Texas has joined states such as Vermont and Washington in prohibiting foster parents from smoking in their homes if they have foster children living there. The new rule is part of a long list of newly adopted standards that licensed foster parents must adhere to, as part of the state’s first major overhaul of child care standards in two decades.
Foster parents are not be permitted to smoke inside their homes, regardless of whether children are present at the time, nor can they smoke inside their cars when a child is present, according to the rules adopted by the Texas Department of Family and Protective Services.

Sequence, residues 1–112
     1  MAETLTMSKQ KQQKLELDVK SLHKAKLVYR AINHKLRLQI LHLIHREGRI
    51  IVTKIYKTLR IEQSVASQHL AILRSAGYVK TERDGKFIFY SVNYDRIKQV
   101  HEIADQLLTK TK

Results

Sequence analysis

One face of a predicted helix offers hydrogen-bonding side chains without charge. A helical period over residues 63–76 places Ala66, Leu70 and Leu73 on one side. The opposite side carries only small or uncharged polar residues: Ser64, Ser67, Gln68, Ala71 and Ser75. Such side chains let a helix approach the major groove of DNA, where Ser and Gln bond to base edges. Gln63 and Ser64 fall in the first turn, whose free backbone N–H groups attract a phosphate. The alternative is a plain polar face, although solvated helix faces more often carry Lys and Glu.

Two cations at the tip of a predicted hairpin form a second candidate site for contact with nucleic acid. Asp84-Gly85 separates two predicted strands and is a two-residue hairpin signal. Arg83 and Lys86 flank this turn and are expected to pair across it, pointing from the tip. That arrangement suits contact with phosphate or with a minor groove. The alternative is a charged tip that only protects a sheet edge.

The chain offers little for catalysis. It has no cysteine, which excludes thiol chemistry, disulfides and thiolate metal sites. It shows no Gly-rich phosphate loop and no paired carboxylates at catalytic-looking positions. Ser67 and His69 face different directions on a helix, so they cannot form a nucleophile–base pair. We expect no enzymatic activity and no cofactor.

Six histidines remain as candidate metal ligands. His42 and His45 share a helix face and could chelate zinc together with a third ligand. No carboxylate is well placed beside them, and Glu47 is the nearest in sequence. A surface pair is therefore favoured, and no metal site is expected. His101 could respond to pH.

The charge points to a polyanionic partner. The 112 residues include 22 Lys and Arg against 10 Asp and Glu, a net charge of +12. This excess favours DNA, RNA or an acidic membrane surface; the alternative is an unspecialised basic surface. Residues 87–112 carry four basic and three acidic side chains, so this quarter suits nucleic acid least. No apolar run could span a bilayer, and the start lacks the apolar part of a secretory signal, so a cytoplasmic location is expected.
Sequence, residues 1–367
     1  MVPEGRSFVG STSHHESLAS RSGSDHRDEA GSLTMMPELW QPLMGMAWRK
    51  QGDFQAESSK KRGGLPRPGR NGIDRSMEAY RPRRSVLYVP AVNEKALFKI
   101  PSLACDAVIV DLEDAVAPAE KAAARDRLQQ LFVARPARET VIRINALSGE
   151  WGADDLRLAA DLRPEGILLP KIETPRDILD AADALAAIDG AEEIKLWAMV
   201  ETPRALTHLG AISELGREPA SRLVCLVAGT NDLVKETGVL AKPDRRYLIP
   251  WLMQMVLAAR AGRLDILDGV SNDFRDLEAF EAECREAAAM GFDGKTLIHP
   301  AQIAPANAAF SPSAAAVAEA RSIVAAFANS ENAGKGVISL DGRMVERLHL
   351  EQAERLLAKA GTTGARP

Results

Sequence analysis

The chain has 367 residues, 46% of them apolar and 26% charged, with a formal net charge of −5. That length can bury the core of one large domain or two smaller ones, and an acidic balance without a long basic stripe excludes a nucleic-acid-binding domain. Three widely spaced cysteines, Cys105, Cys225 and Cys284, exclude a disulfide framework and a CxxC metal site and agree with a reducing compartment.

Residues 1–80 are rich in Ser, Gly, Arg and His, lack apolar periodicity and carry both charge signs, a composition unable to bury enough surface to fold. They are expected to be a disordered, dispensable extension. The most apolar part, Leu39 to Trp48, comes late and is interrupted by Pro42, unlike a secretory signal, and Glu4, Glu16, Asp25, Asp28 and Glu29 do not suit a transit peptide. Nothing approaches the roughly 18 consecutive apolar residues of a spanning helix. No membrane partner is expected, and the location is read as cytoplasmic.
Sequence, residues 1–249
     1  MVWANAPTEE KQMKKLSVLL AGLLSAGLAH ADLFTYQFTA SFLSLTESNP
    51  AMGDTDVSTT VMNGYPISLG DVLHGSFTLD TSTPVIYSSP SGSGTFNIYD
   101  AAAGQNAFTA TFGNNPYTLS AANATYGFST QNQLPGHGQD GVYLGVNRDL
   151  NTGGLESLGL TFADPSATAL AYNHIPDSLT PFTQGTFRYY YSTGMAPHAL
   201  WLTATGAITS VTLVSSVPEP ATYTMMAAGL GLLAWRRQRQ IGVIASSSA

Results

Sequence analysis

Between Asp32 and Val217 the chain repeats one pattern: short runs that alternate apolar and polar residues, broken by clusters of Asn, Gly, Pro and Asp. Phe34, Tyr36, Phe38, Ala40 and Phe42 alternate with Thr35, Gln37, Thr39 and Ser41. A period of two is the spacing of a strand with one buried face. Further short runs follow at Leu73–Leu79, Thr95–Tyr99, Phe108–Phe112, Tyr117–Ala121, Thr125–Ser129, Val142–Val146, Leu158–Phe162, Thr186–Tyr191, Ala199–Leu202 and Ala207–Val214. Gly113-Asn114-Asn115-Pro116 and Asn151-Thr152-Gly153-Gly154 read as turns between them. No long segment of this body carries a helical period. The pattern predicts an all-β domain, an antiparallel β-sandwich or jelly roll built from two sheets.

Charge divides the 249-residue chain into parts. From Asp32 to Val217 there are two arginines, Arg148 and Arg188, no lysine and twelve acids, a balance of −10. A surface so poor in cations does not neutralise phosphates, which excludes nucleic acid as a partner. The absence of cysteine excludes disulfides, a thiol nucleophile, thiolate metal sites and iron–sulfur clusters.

“The department is the legal parent of these children, and as the parent, we choose not to subject them to secondhand smoke,” said Darrell Azar, communications manager for the department.
While health rules, such as the smoking ban, immediately apply to all foster parents, other changes, such as increasing the required height of fences around pool areas, will affect only newly licensed foster parents.
Azar said licensing offices will offer technical assistance with the new requirements during the first six months of this year to help foster parents make adjustments.